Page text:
Innovatively-coiffed presidential candidate and well-known wall advocate Donald Trump will doubtless have his head in his tiny hands at the prospect of this, but two adjoining towns sitting either side of the US-Mexico border are planning to construct a bike path which will join the two.
Matamoros–Brownsville is a metropolitan area which straddles the border. Brownsville is in the US state of Texas while Matamoros is in the Mexican state of Tamaulipas.
Mauricio Ibarra, planning director for Matamoros, lives in Brownsville and like many people he crosses the border twice daily for his commute. He’d like to see stronger links between the two.
Citiscope reports that Brownsville has an eight-mile cycle trail that follows the path of an abandoned rail line and which takes riders to the city’s cultural district where they will find an art museum, restored historic buildings and a zoo, It is also where the local farmer’s market is held.
“They really have done it well,” says Ibarra, who now wants to do something similar for Matamoros.
As well as creating new green spaces and the city’s own cultural district, Ibarra also wants the Mexican bike paths to link up with those across the border via a bridge over the Rio Grande.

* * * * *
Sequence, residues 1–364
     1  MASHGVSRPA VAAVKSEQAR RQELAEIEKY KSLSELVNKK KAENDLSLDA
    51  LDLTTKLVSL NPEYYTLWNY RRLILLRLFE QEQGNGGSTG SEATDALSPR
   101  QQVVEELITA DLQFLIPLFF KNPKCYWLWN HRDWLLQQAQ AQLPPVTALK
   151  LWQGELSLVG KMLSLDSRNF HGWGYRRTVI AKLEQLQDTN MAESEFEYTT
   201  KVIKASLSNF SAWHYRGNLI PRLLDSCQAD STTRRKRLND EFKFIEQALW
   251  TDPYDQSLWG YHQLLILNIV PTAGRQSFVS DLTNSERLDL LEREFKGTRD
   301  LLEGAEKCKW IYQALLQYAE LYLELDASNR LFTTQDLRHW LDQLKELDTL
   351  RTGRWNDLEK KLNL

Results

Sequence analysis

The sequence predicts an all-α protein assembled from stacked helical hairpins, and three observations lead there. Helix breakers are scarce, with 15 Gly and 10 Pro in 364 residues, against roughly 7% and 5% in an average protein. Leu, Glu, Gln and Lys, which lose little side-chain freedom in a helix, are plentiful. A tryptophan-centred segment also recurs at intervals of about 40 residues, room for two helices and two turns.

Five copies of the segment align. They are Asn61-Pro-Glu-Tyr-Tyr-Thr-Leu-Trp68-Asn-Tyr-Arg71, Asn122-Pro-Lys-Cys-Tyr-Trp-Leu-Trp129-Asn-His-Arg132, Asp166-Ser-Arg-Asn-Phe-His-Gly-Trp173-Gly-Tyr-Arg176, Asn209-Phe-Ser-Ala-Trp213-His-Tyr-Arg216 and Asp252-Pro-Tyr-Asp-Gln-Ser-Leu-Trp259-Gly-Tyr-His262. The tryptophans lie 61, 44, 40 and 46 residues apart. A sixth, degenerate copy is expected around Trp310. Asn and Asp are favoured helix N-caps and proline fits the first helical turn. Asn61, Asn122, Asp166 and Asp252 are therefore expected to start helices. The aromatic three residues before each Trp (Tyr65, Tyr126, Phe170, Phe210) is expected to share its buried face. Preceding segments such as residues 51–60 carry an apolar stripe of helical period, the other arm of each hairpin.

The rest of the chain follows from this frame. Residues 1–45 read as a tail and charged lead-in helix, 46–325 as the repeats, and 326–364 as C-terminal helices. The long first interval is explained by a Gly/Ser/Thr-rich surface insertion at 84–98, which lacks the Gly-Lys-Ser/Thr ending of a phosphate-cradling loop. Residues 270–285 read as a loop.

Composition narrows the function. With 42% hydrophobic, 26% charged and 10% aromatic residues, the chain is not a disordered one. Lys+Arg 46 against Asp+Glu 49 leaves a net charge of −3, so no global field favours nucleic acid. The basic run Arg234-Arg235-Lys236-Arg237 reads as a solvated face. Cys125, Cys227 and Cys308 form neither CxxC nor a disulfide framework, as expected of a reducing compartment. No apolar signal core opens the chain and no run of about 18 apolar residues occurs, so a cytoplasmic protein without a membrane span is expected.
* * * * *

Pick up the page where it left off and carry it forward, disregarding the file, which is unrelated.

Ibarra visited Ruth Osuna, Brownsville’s assistant city manager in charge of downtown revitalisation regarding the project. Osuna says the two urban renewal projects are basically adjacent to each other, separated by the border. “Their project ends where ours begins,” she said. “Everybody is trying to separate us, but we keep coming together.”
The border crossing often backs up with cars heading into the US and it is thought a bike lane could help – although an X-ray machine that can handle bike traffic would be needed and the US Department of Homeland Security would have to set that up.
Ibarra is calling the combined project the "Centro Cultural Binacional," or binational cultural centre.